Implementing changes for people with disabilities is difficult to achieve since you’re already on the back foot with that perspective. We can see this by the difficulties involved in making websites accessible when that’s been added as an afterthought. Instead, by bringing the focus on a more inclusive design up-front in the process, we have the opportunity to design changes that suit many more people.

Above, I’ve listed a few articles and methods that could help influence others around you. The main item to take away concerns perspective; anyone involved in change has to be able to shift perspective to include that of all customers in the target segment.

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Lean Cost Benefit Analysis of a Quick Improvement

Kanban prototype for an NHS Acute service
Kanban prototype for an NHS Acute service

Last week, I was provided with the short opportunity to improve a service within an NHS Acute Trust. I had 5 minutes to understand the problem and then I suggested a quick improvement. I’d like to take you through how we arrived at a solution and the resulting lean cost benefit analysis of that solution.

I don’t get that involved in the individual solutions anymore, instead I’m usually engaged for more strategic issues and end up mentoring others to make the changes across the whole organisation or enterprise. So it was fun to roll up my sleeves and suggest a solution that could work in a hospital. I fully expect the team to modify it to suit their specific needs and I’ll be on hand to help them improve it.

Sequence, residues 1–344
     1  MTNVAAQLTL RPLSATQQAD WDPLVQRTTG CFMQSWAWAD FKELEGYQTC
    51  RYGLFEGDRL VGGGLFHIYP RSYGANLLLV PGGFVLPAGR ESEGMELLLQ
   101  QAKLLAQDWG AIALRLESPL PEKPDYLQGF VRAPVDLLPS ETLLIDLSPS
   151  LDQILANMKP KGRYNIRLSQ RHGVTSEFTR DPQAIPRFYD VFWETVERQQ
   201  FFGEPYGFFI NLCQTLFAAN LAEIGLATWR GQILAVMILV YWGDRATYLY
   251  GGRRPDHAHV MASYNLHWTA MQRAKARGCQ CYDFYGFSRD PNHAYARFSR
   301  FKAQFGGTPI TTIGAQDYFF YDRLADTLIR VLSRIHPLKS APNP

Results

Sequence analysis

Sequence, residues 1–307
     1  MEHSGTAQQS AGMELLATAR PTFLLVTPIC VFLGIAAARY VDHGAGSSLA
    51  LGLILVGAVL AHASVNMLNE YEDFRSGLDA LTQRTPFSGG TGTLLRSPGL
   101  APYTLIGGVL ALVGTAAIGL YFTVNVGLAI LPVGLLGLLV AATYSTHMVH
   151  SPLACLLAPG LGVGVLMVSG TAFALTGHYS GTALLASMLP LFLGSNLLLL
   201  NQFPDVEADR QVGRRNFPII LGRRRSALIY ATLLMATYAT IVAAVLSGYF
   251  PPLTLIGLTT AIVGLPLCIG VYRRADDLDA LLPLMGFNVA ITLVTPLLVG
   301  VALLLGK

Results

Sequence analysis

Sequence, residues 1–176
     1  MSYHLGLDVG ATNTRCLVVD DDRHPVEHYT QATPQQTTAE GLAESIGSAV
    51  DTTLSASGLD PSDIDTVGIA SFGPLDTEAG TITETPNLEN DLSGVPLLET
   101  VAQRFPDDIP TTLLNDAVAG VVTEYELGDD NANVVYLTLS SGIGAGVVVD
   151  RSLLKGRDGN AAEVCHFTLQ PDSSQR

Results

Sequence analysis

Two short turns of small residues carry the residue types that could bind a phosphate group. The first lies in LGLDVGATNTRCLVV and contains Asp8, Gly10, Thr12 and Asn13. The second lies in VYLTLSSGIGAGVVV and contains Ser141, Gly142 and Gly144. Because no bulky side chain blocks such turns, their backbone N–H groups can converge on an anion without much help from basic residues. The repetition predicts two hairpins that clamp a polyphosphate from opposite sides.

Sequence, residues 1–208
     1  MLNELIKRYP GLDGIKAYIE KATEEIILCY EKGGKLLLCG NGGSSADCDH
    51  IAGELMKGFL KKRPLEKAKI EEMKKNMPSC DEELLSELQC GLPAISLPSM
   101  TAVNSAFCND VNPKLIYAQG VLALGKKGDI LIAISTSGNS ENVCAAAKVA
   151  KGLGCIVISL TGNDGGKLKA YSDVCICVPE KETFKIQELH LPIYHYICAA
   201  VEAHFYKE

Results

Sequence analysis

So let’s get to the calculations:

Lean cost benefit analysis

Analysis Investment

  • 5 minutes x 1 health professional explaining the problem
  • 5 minutes x 1 consultant listening to the problem
  • 5 minutes x 1 consultant developing a solution
  • 10 minutes x 1 consultant describing how the solution could work and what could be changed to make it more suitable
  • 15 minutes x 1 health professional understanding the solution
  • 1 x flipchart paper
  • 1 x pen

Potential Savings

  • 3.5 hours per day x 4 health professionals across a 5 day week = roughly 2,800 hours a year
  • The 3.5 hours is based on a reduction from 4 hours to 30 minutes for handover and prioritisation.
  • At roughly 1,400 working hours per year (based on 200 days per year and 7.5 hours per day), that equates to 2 FTE (full-time equivalent) posts saved per year.